Tuesday, December 16, 2014
The Archive Problem & Frugal NAS
Last week I posted a video about archiving footage to dual layer Blu-rays discs. I thought it was a good idea, but afterward received a flurry of comments over on YouTube about how it might not be the best idea due to the delicate nature of optical media in general. I also received some great feedback via email, including a link to Will Fastie's excellent blog post, "The Archive Problem".
In Will's email he brought up the point that despite the fact that there doesn't seem to be any obvious choice since all electronic media has a definite expiration date, it's good to promote this discussion. If we create any amount of video work and want to keep it, we need to store it somehow. Since there is no one best storage solution, the "answer" seems to be to spread your files over several media forms and store them in different places. When the expiration date of these forms approaches, you must then re-copy them to new media forms. What a pain!
The following is some new information (to me, anyway) that has been brought to my attention since my Blu-ray video. While offering a decent amount of storage to the average user (50GB), the discs are fragile and can lose data in 1-5 years depending on the quality of the disc. I really have no idea how long they will last. For me, they also took an hour to burn. If you have a lot of video to back up (and I do), this process can take too long and tie up computing cycles better used elsewhere. The discs are cheap, but may not be worth the time or peace of mind I lose creating them.
Memory cards, flash drives, and Solid State Drives (SSDs) appear to have the longest life, but cost the most. Cards and flash drives have a built in charge that could last up to ten years if you write to them once and store them away. SSDs are purported to last longer. Right now, a 256GB flash drive costs $70 and an SSD drive of the same size costs about $100. If you need massive amounts of backup space, this is cost prohibitive, especially if you are on a budget.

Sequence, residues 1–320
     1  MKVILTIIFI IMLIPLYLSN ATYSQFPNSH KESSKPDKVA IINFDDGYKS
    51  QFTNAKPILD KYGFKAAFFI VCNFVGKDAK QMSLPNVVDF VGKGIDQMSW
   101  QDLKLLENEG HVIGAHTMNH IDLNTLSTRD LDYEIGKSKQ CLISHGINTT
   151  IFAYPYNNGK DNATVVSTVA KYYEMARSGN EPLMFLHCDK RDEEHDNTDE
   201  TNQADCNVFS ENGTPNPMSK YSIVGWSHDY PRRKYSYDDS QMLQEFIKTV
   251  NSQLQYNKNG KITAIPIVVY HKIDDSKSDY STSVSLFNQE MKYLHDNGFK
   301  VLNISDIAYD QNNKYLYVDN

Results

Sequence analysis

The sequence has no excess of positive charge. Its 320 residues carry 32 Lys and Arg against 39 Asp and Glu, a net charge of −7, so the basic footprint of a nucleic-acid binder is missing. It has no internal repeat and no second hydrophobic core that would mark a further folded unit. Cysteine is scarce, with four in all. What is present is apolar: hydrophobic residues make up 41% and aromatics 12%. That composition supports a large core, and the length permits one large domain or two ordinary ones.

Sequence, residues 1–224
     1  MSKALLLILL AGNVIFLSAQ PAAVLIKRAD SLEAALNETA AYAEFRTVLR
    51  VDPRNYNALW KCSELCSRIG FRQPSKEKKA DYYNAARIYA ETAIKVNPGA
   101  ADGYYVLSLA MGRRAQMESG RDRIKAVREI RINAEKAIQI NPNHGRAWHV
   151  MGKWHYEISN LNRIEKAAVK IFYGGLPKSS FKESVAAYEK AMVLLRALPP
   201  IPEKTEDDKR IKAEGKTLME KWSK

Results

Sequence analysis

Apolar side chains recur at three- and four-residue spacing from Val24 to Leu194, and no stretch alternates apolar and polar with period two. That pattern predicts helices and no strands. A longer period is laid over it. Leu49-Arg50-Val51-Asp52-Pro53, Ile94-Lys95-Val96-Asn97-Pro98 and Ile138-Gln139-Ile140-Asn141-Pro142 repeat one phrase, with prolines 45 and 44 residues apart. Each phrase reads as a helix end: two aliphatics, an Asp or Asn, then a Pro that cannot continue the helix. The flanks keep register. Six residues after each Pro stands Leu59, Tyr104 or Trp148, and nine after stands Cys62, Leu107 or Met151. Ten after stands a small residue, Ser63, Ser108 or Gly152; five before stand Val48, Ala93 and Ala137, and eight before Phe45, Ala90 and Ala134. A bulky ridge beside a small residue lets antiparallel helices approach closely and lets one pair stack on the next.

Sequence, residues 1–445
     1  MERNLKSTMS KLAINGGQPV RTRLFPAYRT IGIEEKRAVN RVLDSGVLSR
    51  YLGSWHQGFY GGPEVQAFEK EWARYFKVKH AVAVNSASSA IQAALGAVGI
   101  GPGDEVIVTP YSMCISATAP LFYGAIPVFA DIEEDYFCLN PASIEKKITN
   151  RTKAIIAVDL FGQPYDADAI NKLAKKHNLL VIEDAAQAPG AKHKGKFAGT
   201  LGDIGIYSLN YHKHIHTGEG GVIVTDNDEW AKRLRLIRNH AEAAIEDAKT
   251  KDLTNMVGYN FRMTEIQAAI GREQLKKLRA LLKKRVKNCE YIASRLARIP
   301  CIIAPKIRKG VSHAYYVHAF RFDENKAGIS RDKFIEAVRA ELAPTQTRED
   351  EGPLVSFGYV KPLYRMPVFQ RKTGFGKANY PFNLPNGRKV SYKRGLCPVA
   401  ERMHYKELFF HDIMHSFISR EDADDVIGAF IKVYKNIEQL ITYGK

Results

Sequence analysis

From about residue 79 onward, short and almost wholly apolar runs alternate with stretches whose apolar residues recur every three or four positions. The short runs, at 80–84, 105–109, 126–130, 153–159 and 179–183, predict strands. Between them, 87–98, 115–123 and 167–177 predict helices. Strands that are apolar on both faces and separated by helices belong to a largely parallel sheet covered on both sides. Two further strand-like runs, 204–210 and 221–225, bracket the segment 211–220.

That returns us to our old friend/enemy, the hard drive. These can you get large amounts of storage space for very little money. A 1TB bare or USB drive will only cost you $60 and that price will keep dropping. Hard drives will fail, however, and it's never a question of if but when. If you use them for archiving, you can't just leave them in a drawer as they must be spun every so often (at least monthly) to maintain data heath.
The best hard drive solution seems to be the NAS or Network Attached Storage. Essentially a little RAID 1 array, these boxes are a mini computer that holds two or more drives that create redundant backup. If you have NAS for 2TB, you have two 2TB drives in the case. If one fails, you replace it and the other rebuilds the archive. Very neat. These are not very expensive and the only real drawback is that both drives are right next to each other. In case of a fire or theft, you're screwed.
I really like the NAS idea. It plugs into your network and your can archive wirelessly and get an instant backup on the second drive. Still, you have to drop at least $300 to get up and running, though getting up and running is stupid easy.
There is a way to craft a "Frugal NAS", which I'd like to discuss. In my little apartment we have a 32" widescreen TV plugged into a cheap desktop computer. We watch all our digital content (Netflix, YouTube, DVDs, Pandora) through this setup, which never gets powered down--just like a server.
As a result, I can do what the NAS box does, since I already have a way to attach hard drives. I can hook up two external USB drives, using one as the archive drive and the other as the archive backup. This allows me to copy files to the archive (wirelessly if I wish) and have an automated backup to the second drive using a free program like Karen's Replicator. If one drive fails, I replace it and KR will restore the data from the good drive.
I really like this idea and feel that it is the most affordable and secure solution. My only question now is when I fill these up do I store them and create a new archive or buy even larger drives and add onto them? And do I want to separate the drives across the network to avoid the fire/theft issue?
Posted by Scott Eggleston